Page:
Let's say I have an OCD and I want everything to be perfect. I want all the planets and The sun of our solar system to be equal in size. Apart from that, I want the distance between the orbits to be exactly same for each planet, their speed around the sun and their own orbital speed to be same too.
What would happen? Would there be devastating consequences or not much? As far as I have guessed, EARTH will become colder because sunlight will be less hot and reach us slowly.

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    $\begingroup$ The mass of the sun and planets stays the same? And what about the asteroid belt and the dwarf planets? $\endgroup$ – Twinkles Feb 13 '15 at 10:33
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    $\begingroup$ What's your scaling factor? Are you going for equal mass worlds, or do I simply compress your Jupiters? $\endgroup$ – Serban Tanasa Feb 13 '15 at 13:21
  • $\begingroup$ Orbital speed is speed around the Sun. Did you mean rotation period? $\endgroup$ – BartekChom Feb 13 '15 at 16:17
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    $\begingroup$ You can't change orbital period (or speed) for a distance , as these have a fixed relation T^2 = R^3. If you do, the planets won't be in orbit. $\endgroup$ – Oldcat Feb 14 '15 at 0:15
  • $\begingroup$ If you reduce the mass of the sun to earth's, it goes out. If you change Earth's size to be that of the sun, it collapses into a black hole. $\endgroup$ – Oldcat Feb 14 '15 at 0:18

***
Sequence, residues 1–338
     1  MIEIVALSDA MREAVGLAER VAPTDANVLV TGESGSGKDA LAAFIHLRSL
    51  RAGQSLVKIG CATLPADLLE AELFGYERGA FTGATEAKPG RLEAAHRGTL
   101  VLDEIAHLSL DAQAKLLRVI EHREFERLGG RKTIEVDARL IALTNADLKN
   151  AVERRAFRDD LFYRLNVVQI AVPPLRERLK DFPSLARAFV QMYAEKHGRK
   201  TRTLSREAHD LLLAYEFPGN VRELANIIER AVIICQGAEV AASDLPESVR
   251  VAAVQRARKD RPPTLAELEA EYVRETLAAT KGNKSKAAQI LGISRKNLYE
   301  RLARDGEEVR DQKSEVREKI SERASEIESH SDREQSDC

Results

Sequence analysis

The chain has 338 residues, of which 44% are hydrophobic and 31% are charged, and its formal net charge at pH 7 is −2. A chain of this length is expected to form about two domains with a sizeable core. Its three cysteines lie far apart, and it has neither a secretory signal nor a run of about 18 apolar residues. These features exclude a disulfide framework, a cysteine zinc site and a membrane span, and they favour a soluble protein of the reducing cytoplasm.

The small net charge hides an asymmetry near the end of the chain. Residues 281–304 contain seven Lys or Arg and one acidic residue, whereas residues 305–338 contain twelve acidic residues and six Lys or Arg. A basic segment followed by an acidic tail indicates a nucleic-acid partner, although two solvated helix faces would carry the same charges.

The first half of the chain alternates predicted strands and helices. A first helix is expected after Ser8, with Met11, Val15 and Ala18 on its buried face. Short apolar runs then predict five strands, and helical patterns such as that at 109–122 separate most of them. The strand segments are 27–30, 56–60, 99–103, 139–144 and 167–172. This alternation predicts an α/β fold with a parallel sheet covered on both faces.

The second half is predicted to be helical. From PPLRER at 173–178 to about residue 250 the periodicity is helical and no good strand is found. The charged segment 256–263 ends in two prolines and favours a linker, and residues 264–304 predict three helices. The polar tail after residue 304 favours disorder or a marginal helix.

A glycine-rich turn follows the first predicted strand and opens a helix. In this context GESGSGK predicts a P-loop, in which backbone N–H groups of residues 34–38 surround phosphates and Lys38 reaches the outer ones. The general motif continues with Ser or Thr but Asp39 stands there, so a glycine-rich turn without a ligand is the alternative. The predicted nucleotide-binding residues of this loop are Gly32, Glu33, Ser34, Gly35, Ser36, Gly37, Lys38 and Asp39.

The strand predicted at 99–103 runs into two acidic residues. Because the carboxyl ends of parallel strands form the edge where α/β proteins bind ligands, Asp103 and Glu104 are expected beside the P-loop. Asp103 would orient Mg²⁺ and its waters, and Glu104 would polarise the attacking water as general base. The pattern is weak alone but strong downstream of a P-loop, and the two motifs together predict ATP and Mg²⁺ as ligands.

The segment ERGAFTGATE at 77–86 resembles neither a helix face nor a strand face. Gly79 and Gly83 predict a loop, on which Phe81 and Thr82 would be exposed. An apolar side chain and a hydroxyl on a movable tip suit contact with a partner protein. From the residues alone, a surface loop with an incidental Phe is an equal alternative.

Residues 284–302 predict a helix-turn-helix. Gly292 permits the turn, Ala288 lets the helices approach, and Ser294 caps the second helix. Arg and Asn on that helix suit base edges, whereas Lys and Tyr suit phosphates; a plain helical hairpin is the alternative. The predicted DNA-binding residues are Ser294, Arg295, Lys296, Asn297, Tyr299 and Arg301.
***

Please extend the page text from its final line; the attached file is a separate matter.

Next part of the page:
The first thing that would happen is that it would wreak havoc with every orbit in the solar system.

The orbits of the planets around the sun have their focal point very close to the sun's centre because the sun is so very much more massive than anything else in the solar system.

In a binary system (two objects of somewhat similar mass), the orbit of the two objects will be relatively stable with a focal point between the two objects; technically, the focal point will be at the common center of mass, which iff the two objects have identical mass should be at the center of an imaginary line drawn between the two objects' centers. Besides binary stars, in our immediate neighborhood Pluto and Charon form a binary system.

(In fact, perturbations in the star due to planets tugging on it is one of the techniques used to detect exoplanets.)

A trinary system (three objects) is more involved, and less likely to be stable, but follows the same principle: all objects orbit the common center of mass. I think we have some questions here on the site about planets in binary star systems.